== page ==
2015 was a good year for films about women, which is reflected on my top 10 list, but not such a good year for films by women. Increasingly, Hollywood’s inability to employ more than a token percentage of female directors is getting attention, but the problem exists worldwide. Only in the documentary and avant-garde niches do female directors come close to parity. Most of the world’s prominent film festivals showed a tiny percentage of films by women in their competition sections this year.
Of course, much of the problem lies with production: festivals can’t show films that aren’t being made. The suicide last fall of Belgian lesbian filmmaker Chantal Akerman, whose “Jeanne Dielman” is one of the best films made by a director of any gender and a feminist landmark, cast a pall over this year’s New York Film Festival. At least we have the April 2016 release of her final film, “No Home Movie,” to look forward to.
“The Assassin” (Hou Hsiao-hsien)
The anti-“Kill Bill,” Hou’s 9th century wu xia epic refrains from making its title character into a feminist role model or even a kick-ass anti-heroine. As storytelling, it’s both stripped-down and convoluted, but evoking the texture of ancient China seems to be the director’s highest priority. He has a long track record behind him, but this might be his most beautiful film yet.
“Jauja” (Lisandro Alonso)
It takes guts to cast Viggo Mortensen in your film and then refrain from having him speak a word of English. “Jauja” goes back to the roots of Europeans’ arrival in South America and finds something weird and twisted. It’s the kind of anti-colonial film that David Lynch might have made; were it a ‘70s artifact, it would have become a cult classic.
“Tangerine” (Sean Baker)
My favorite LGBT-themed film of the year is a screwball comedy about the struggles of two transgender sex workers in LA that does justice to both the humor and misery of their lives. Shot on an iPhone, it features orange-tinged cinematography — hence the title — that shows the potential of cheap technology to create gorgeous images. Something’s screwed-up when a film gets hailed as revolutionary in 2015 for casting trans actresses — including the excellent Mya Taylor — as trans characters.
“Mad Max: Fury Road” (George Miller)
Most blockbusters feel machine-made. George Miller’s comeback is a powerful blast of visceral filmmaking, as unexpected as it is refreshing. Charlize Theron’s one-armed bad-ass heroine breaks Hollywood taboos about disability and gender, as the film sets its title character aside most of the time and pushes its characters toward the formation of a matriarchy.
“It Follows” (David Robert Mitchell)
A post-HIV body horror film, “It Follows” exists in dialogue with late ‘70s/ early ‘80s John Carpenter and David Cronenberg. Mitchell creates a sexually transmitted monster without bothering to explain how it came about, borrowing the notion that danger potentially hides in every person from Carpenter’s “The Thing.” The film takes place in a recognizable Middle America, but it also exists in a world of its own.
“About Elly” (Asghar Farhadi)
Made in 2009 but released this year due to legal disputes with its bankrupt original distributor, “About Elly” might startle American audiences with its depiction of the Westernized lifestyle of Tehran’s middle class. Then it turns into a mystery and shows how much work — and how many lies — go into upholding such a life.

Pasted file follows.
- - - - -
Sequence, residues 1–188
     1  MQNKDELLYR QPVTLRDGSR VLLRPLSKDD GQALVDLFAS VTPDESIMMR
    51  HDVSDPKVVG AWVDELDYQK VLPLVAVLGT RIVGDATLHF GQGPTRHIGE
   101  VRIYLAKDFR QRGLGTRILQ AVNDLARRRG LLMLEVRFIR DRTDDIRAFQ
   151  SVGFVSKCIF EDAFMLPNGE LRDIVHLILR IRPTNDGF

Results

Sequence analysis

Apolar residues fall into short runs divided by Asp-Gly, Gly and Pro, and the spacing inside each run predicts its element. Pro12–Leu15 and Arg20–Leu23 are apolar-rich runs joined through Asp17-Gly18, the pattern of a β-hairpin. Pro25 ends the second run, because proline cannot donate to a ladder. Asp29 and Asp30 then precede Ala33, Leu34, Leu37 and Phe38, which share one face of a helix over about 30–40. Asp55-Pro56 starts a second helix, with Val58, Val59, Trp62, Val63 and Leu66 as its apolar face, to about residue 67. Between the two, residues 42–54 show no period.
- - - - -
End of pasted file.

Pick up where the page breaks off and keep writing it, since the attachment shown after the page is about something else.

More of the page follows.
“The Iron Ministry” (J. P. Sniadecki)
A graduate of Harvard’s Sensory Ethnography Lab, which brought us the instant-classic “Leviathan,” J. P. Sniadecki bridges abstraction and humanism. His documentary on train travel in China, filmed over the course of several years, offers both beauty and sociology. It has insights large and small into the rapidly changing country.
“The Wonders” (Alice Rohrwacher)
Crashing the boys’ club of Cannes, Alice Rohrwacher offered up an investigation into what it means to drop out in contemporary Europe. She profiles a family of beekeepers who work too hard to be hippies yet are too disgusted by the culture around them to fit in to the world around them. Then they get an opportunity to be on reality TV, and the resulting friction speaks volumes about modern Italy.
“Chi-raq” (Spike Lee)
After years of floundering, Spike Lee managed to hit the zeitgeist of American anger, disgust, and frustration with gun violence. Deliberately jagged and jarring, his film stops dead in its tracks for a powerful 10-minute sermon but stays raunchy and funny most of the time. Who knew Greek comedy — “Lysistrata,” in this case — could be so easily and thoughtfully adapted to present-day Chicago?
“In Jackson Heights” (Frederick Wiseman)
While there are a few scenes here that I would’ve chopped if I were Wiseman, “In Jackson Heights” does the valuable work of simultaneously celebrating the diversity of the titular Queens neighborhood — including many glimpses of its vibrant LGBT community — and sounding a warning alarm about its impending gentrification. I wish that Wiseman were around filming Williamsburg 20 years ago.
Runners-up: “Amy” (Asif Kapadia), “The Duke of Burgundy” (Peter Strickland), “Güeros” (Alonso Ruizpalacios), “Heart of a Dog” (Laurie Anderson), “Inside Out” (Pete Docter), “Lil’ Quinquin” (Bruno Dumont), “The Look of Silence” (Joshua Oppenheimer), “My Friend Victoria” (Jean-Paul Civeyrac), “Office” (Johnnie To), and “Unfriended” (Leo Gabriadze).
Undistributed films deserving of attention: “88:88” (Isiah Medina), “Letter to a Father” (Edgardo Cozarinsky), “Le Paradis” (Alain Cavalier), and “Sorrow and Joy” (Nils Malmros).